Another Kind Of Second Act

Retirement is an appealing prospect for most working people. The idea of pulling back from the pressures of employment, the allure of leisure time and the chance to receive back from life-long investments in Social Security and a retirement account provide real anticipation.

Granted that these years aren’t always “golden” for some, they still present possibilities not feasible in our younger years. There are beloved leisure sports like golf or sailing. Or the chance finally to renovate a classic car. From simple pleasures like increased time with grandchildren to ambitions like travel to lands never visited, the bucket list of prospects is full of possibilities.

Seniors Volunteer with Second Act at Vernon Homes

These prospects have one thing in common: making the most of the years remaining to us. But for some, there’s a different way to define “making the most” – one whose focus is a bit more radical, but whose gratification is no less real. For an increasing number of retirees, spending their later years in the service of others is providing more meaning than the traditional pursuit of leisurely pastimes.

For example, RSVP is a national organization of senior volunteers who participate in environmental projects, mentor and tutor children, and respond to natural disasters. Next matches, then places, the talents and passions of retirees with overseas mission opportunities. Foster Grandparents is a program dedicated to helping children’s organizations by shepherding youth with disadvantages or special needs.

Seniors Who Volunteer To Aid Children

There are other stories of seniors who ventured out on their own to make a difference. For example, retired executive Gloria Dickerson started the We Together Create Change organization, fighting the effects of poverty on children in Mississippi. She was later awarded a fellowship with Purpose Prize, exemplifying those who in retirement have followed a calling to aid others and serve a community.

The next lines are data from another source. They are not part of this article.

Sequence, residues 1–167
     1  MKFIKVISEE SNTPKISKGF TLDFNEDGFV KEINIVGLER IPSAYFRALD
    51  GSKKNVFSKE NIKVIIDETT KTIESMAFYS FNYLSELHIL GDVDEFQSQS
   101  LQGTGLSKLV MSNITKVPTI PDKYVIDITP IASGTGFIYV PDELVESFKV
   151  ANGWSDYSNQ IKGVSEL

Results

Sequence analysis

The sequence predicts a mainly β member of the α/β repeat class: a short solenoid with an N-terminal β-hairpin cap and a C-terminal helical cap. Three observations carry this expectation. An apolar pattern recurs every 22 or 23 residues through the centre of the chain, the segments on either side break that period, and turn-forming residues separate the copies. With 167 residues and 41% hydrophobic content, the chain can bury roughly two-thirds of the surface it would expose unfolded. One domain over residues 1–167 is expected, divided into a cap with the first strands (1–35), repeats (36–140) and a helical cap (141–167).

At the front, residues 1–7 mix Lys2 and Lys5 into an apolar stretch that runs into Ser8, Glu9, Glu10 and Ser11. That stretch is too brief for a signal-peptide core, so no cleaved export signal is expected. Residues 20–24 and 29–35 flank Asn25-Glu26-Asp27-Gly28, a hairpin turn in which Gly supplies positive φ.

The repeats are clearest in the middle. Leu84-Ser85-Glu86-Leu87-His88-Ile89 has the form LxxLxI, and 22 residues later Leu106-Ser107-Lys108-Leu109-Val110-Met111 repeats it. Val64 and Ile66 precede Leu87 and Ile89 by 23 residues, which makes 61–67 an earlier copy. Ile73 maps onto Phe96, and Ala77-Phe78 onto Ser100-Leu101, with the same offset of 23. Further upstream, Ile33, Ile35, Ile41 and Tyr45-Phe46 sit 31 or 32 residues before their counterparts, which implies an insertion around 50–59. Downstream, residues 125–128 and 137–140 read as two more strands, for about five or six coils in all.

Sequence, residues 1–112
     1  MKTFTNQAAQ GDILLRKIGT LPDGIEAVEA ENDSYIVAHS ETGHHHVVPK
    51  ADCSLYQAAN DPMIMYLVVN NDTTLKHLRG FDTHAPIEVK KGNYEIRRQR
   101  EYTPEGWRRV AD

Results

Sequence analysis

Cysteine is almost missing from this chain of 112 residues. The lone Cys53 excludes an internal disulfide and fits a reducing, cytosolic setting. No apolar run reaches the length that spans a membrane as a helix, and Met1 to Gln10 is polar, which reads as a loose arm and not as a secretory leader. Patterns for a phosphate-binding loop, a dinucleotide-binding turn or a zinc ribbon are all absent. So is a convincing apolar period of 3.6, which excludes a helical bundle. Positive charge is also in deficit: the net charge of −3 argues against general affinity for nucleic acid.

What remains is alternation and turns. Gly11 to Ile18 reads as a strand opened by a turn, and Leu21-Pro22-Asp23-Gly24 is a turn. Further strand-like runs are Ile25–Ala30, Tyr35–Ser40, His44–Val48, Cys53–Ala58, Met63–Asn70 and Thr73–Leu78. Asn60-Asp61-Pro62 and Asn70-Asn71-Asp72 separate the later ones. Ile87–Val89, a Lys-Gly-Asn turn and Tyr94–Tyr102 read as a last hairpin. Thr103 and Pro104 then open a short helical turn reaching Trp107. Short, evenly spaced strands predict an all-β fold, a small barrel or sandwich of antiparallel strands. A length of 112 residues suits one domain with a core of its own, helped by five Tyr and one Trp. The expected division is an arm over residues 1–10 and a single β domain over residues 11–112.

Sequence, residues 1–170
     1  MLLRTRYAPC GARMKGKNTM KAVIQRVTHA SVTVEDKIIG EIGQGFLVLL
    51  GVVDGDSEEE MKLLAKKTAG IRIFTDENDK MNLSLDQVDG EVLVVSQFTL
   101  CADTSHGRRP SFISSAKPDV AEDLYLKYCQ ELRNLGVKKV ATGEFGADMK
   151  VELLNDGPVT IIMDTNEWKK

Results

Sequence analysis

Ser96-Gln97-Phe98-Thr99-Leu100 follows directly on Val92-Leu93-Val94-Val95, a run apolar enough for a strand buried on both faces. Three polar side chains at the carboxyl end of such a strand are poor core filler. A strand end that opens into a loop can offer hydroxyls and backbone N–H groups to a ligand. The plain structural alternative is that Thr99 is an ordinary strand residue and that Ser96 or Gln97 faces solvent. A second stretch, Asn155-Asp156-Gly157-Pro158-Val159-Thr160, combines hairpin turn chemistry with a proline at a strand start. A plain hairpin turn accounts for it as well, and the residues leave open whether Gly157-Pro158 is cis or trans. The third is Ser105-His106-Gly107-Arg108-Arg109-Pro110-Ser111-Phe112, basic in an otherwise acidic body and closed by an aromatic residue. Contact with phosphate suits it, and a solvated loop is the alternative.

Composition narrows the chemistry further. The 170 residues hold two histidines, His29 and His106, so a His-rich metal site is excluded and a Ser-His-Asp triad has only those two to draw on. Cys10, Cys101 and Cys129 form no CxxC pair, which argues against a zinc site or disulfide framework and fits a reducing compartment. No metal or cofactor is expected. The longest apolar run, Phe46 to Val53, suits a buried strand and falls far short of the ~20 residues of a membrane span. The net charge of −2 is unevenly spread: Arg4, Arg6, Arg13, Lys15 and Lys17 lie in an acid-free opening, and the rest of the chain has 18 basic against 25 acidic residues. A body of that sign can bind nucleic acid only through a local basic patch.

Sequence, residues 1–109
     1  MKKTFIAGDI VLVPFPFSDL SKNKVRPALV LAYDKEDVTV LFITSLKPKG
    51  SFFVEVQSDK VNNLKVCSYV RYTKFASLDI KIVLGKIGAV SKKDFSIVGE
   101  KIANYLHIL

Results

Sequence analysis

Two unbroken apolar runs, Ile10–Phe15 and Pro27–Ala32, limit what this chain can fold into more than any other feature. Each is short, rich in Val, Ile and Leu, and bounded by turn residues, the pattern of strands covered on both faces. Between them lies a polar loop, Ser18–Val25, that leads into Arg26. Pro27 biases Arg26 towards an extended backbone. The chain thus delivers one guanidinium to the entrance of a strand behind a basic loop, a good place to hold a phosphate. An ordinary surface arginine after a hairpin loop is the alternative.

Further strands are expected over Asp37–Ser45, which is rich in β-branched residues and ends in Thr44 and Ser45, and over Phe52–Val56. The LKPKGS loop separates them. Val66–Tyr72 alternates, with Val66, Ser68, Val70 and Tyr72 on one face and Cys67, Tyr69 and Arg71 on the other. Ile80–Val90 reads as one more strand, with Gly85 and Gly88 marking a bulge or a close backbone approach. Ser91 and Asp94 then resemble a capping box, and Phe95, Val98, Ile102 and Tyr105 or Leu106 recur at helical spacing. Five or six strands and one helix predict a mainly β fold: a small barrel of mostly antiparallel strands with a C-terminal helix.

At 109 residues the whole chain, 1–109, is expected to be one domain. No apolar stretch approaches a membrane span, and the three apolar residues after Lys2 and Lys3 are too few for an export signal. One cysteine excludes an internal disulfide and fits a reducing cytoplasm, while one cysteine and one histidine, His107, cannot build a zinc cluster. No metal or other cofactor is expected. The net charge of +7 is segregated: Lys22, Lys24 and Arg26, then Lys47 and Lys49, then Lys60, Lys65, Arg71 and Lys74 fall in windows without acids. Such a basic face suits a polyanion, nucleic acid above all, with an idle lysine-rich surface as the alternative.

Whether done privately or as part of a larger body, these are just a few examples of people dedicated to the idea that the best way to spend the retirement years is by giving one’s self away. They are evidence that while the traditional approach to retirement is certainly sensible, there’s more than one way to “finish well.”

What They Say

“ You are all very compassionate and caring. We appreciate all that you did. ”

- Ruth Tripp and family

What They Say

“ The patient and loving way that everyone has is contagious. Thank you all. ”

- The Bologan Family

What They Say

“ As many of you know, my mom is not one to sugarcoat anything… in fact, she can be the first to complain… my mom regularly says that she is so grateful to be cared for by such a loving group of people. ”

- Lynna Jackson, daughter of Clara Stone

What They Say

“ I appreciate so much your arranging things for me so that I could get therapy at Vernon Green. My needs were attended to very professionally by your staff. I thank the Lord for your kind and compassionate heart as you faithfully lead the work of Vernon Home. ”

- Bill

What They Say

“ Words cannot say how much we appreciate your loving care for Mom, Grandma, Grammie. You all truly became her extended family. You brought out a social and spunky side of her that would have been missed by so many if we had tried to care for her at home. ”

- Mike & Jeanne Mears